# Simple normal regression model with inequality constraints on the parameters

Dear Stan Community,

I am very new to stan and trying to fit a simple normal linear regression with linear inequality constraints on the parameters.

y = \beta_0 + \beta_1x_1 + \beta_2x_2 + \epsilon, ~~ \epsilon \sim N(0,\sigma^2)

The inequality constraints on the parameter are to be 0>\beta_0, 0<\beta_1<1, 0<\beta_2<1. I first fit the model with diffuse reference prior for the parameters: (\beta, \sigma) \propto \sigma^{-1}.

data {
int<lower=0> N; // Number of observations
vector[N] X1;
vector[N] X2;
vector[N] y; // response
}
parameters {
real<lower = 0> sigma;
real<lower = 0> beta0;
real<lower = 0, upper = 1> beta1;
real<lower = 0, upper = 1> beta2;
}
model {
real mu[N];

// Likelihood
for (i in 1:N) {
mu[i] = beta0 + beta1*X1[i] + beta2*X2[i];
}
y ~ normal(mu, sigma);
}

1. In terms of constraints, Is this the right way to specify this model in Stan?

2. In general, define a set for inequality constraints, e.g. Q = \{a \le D\beta \le w \}, where D is a nonsingular matrix with real numbers and use this set as an indicator function of the constraints for \beta. In vector form,

data {
int<lower=0> N; // Number of observations
int<lower=0> K; // number of explanatory variables.
matrix[N,K] X; // Matrix of explanatory variables
matrix[K,K] D; // Matrix that represents inequality constraints
vector[N] y; // Vector of dependent variables
vector[K] a; // Vector of lower inequality constraints
vector[K] w; // Vector of upper inequality constraints
}
parameters {
vector[K] b;
real<lower=0> sigma;
}
model {
y ~ normal(X*b, sigma);
}


How can I put the indicator function in the above code so that it is possible to employ prior distribution in the model?

Thank you very much.

a \le D\beta \le w

Then if you multiply all by the inverse of D:

D^{-1}a \le D^{-1}D\beta \le D^{-1}w

This simplifies to:

D^{-1}a \le \beta \le D^{-1}w

Stan has overloaded the division operator / for matrices/vectors to perform this multiplication by an inverse in more numerically stable and efficient way. So you would express your model in Stan as:

data {
int<lower=0> N; // Number of observations
int<lower=0> K; // number of explanatory variables.
matrix[N,K] X; // Matrix of explanatory variables
matrix[K,K] D; // Matrix that represents inequality constraints
vector[N] y; // Vector of dependent variables
vector[K] a; // Vector of lower inequality constraints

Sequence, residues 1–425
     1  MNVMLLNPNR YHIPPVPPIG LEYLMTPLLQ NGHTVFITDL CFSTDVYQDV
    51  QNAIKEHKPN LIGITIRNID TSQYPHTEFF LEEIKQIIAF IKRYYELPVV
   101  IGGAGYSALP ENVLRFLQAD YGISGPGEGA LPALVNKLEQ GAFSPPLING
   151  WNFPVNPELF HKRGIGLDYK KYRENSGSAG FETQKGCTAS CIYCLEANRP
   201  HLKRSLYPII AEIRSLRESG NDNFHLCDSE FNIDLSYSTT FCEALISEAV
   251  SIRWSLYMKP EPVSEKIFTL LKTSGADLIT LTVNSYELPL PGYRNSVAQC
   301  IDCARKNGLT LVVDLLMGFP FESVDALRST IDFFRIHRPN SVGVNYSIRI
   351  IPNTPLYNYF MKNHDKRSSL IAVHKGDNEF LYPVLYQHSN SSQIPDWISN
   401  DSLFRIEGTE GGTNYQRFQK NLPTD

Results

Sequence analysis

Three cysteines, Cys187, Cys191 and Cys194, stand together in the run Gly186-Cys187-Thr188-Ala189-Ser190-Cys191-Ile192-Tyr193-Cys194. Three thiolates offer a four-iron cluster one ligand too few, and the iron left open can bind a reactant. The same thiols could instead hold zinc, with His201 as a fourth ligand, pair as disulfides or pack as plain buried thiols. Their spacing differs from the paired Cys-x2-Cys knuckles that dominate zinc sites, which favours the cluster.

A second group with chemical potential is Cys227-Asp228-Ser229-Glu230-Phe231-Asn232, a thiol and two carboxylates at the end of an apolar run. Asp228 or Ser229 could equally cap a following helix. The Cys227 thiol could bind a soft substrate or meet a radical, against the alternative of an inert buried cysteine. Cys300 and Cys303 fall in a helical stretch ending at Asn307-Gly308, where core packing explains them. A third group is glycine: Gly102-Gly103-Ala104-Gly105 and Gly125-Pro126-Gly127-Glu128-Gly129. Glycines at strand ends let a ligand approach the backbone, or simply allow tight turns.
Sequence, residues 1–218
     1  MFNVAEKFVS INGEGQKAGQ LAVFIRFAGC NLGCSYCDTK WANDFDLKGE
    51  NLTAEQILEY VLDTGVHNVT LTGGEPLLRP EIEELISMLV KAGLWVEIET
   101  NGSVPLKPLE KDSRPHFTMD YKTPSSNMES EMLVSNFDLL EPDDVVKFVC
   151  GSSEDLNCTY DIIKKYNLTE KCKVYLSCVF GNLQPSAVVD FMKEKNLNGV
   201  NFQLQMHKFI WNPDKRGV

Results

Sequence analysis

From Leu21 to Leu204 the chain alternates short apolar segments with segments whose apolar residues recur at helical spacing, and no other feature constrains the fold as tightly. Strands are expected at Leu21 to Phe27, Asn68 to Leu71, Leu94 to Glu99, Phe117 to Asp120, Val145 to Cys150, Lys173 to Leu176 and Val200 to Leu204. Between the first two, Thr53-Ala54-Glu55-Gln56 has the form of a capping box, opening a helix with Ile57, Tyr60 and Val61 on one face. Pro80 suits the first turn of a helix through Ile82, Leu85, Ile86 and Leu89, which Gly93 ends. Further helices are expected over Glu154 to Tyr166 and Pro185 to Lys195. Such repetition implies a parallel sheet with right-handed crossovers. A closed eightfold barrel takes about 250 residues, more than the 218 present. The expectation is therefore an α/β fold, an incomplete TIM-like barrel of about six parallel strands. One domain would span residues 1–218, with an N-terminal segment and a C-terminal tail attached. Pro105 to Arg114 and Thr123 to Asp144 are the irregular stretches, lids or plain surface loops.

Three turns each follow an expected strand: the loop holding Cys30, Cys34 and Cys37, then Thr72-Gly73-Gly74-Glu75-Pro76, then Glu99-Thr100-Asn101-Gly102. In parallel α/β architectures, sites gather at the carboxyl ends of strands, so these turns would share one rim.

vector[K] w; // Vector of upper inequality constraints
}
transformed data {
vector[K] D_div_a = D / a;
vector[K] D_div_w = D / w;
}
parameters {
vector<lower=D_div_a, upper=D_div_w>[K] b;
real<lower=0> sigma;
}
model {
// More efficient likelihood for linear regression
y ~ normal_id_glm(X, 0, b, sigma);
}

3 Likes

In the transformed data block, isnâ€™t the matrix operation should be D_div_a = D \ a , not D/a for D^{-1}a?

Thanks.

2 Likes

Oh yes, good catch! It should be \ for left division

1 Like

Can you clarify what you mean by â€śtransforming the quantities to the original scaleâ€ť? Which quantities are you wanting to transform and what scale do you want them to be on?

1 Like

Nvm. My question was not clear. Thanks!

1 Like

Hi,

I am trying to add time-varying coefficients to the model.

Let \gamma = D\beta \in \{\gamma: a \le \gamma \le w\} and the model becomes

z_t = x_t D^{-1}\gamma + \epsilon_t, ~~ t = 1, \ldots, T.

We assign appropriate priors to time-varying \gamma_t. Could you check if I coded \gamma and model z correctly?

Note that I changed the lower and upper bound notation to l and u.

data {
int<lower=0> T; // Time
int<lower=0> K; // number of explanatory variables.
matrix[T,K] X; // Matrix of explanatory variables
matrix[K,K] D; // Matrix that represents inequality constraints
vector[N] z; // Vector of dependent variables
vector[K] l; // Vector of lower inequality constraints
vector[K] u; // Vector of upper inequality constraints
}
transformed data {
vector[K] D_div_l = D \ l; // D^{-1}l
vector[K] D_div_u = D \ u; // D^{-1}u
}
parameters {
real<lower=0> sigma;
real<lower=l, upper=u> phi_zero;
vector[K] psi;
real<lower=0> tau;
matrix[K, T] gamma;
}
transformed parameters {
vector<lower=-1, upper=1>[K] phi =
vector<lower=D_div_l, upper=D_div_u>[K] D_div_gamma = D \ gamma
}
model {
z ~ normal(X*D_div_gamma, sigma);

// priors
psi ~
sigma ~
tau ~

gamma[, 1] ~ normal(phi_zero, tau);
gamma[, 2:T] ~ normal(phi * gamma[1:(T-1)], tau);
}


Thank you.

This seems to be missing the definition for phi, but the constraints are right to make the columns of gamma stationary.

If K is large, Iâ€™d suggest making the transformed parameters local variables in the model block so they donâ€™t get saved.

Also, the upper and lower bounds for transformed parameters are just for error checking.